Artificial Intelligence (AI) is the application of technological solutions to problems which typically require human intelligence – think of identifying objects in images, recognising and correctly reacting to human speech, and making decisions based on inputs which vary. In it’s various guises, AI is increasingly being seen by the commercial world as having the potential to add significant value to the balance sheet. Together with developments in machine learning (computers learning from data without being explicitly programmed what to learn) it is now almost inevitable that AI will become integral to the IT systems of many major companies. Whilst this will undoubtedly produce tangible benefits, increased deployment of AI solutions will create cyber security issues that are not currently being considered by the wider industry.
James Clapper, the former Director of US National Intelligence, concurs with the view the growth of AI will introduce new threat vectors. He believes AI will become common in financial, energy and weapons systems to name but a few. He states America would therefore be wise to focus on threats which AI may pose to society as a whole. It is interesting to note Bill Gates and the late Stephen Hawking, men not known for their lack of vision, also agree with the notion that increased use of AI brings with it a new type of threat component.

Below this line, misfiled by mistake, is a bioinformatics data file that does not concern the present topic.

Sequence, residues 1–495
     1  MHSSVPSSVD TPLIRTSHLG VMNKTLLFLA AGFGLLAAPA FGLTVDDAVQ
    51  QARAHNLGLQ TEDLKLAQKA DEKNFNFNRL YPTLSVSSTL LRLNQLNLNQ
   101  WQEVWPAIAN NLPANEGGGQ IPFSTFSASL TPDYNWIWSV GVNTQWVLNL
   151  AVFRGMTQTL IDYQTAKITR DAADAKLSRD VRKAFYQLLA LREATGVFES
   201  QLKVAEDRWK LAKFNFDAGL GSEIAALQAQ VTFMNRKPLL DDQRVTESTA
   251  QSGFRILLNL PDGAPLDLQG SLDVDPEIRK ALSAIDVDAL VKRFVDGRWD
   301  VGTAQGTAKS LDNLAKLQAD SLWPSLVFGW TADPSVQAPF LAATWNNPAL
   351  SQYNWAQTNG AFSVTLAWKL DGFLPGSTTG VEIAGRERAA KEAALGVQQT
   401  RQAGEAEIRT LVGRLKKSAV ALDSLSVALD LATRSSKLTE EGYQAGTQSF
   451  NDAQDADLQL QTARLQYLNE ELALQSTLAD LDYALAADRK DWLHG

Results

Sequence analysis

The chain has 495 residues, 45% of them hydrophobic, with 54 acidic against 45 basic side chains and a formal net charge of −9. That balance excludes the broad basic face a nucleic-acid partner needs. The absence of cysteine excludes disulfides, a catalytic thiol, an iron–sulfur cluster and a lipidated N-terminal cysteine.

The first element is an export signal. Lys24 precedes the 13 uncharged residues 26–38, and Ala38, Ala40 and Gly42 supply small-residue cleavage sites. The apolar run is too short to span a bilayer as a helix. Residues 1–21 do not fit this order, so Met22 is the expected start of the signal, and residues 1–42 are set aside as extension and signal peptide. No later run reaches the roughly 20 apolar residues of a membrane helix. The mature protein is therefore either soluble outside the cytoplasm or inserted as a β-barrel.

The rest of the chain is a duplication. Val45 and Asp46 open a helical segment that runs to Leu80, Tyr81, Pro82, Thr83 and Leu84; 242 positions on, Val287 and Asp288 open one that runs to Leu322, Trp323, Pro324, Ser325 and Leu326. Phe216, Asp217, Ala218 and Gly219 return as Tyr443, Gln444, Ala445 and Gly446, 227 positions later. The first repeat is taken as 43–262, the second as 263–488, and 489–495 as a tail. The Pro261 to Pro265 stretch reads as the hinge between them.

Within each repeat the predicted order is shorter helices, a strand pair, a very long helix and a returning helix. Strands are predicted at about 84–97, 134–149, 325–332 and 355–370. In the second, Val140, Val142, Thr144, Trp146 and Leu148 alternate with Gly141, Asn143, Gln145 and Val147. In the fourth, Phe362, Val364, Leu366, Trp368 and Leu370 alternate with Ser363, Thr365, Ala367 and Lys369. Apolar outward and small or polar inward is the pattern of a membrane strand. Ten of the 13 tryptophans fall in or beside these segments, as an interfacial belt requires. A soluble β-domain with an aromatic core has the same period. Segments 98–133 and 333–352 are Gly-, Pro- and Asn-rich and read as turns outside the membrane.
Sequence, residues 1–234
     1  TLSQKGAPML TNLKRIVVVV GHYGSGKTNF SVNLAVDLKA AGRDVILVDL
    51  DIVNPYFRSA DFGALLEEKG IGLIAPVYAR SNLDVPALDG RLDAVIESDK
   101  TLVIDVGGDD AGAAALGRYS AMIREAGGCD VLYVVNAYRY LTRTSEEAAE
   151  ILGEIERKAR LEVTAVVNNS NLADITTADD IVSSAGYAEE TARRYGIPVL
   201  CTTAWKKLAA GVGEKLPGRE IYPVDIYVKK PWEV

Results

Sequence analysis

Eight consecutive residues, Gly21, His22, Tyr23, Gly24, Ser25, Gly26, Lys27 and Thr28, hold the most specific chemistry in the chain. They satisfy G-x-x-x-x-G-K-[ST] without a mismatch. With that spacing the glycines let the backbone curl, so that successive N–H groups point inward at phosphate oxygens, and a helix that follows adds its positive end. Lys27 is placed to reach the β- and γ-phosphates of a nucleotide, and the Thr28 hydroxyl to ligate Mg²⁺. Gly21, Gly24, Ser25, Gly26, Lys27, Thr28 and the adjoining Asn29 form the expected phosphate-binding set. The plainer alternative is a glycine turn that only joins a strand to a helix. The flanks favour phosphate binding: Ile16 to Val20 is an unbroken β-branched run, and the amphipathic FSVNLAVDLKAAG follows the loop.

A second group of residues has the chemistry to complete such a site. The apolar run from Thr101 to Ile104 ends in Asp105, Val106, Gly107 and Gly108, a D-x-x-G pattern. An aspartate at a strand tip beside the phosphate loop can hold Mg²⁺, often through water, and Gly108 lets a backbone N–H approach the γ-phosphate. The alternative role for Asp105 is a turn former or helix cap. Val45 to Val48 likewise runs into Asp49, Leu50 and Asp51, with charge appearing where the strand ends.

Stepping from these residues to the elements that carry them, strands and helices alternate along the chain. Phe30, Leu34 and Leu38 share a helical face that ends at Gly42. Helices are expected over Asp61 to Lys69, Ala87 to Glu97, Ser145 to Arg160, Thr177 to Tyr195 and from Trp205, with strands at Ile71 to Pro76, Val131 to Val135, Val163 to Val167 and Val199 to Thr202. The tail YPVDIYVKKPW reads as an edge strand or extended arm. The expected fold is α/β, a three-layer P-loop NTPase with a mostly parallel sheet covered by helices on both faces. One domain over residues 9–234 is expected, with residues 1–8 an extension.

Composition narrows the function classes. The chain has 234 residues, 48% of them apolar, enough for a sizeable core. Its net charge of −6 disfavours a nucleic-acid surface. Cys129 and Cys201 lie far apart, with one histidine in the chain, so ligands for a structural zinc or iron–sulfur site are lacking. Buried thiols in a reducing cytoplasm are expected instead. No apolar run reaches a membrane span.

But is it a realistic proposition that AI becomes a common tool of the commercial world? Tech-industry heavy hitters certainly seem to think so. Microsoft recently used it’s huge library of recorded technical support calls to build an AI that recognises conversational speech as accurately as any human. Given that both sides of helpline calls are recorded, and can therefore be comprehensively studied by an AI, it is surely only a matter of time before we see a virtual call centre staffed solely by an AI which reacts verbally, as opposed to using a message box. This would have the tangible benefit of reducing staff and phone line costs, not to mention the prospect of multiple AIs working for multiple companies from the same (now considerably smaller) call centre infrastructure. Although many call centres currently rely on speech recognition to direct calls to human call centre representatives, this is far from the flexibility and accuracy which could be potentially offered by a well trained AI…Click here to read full article.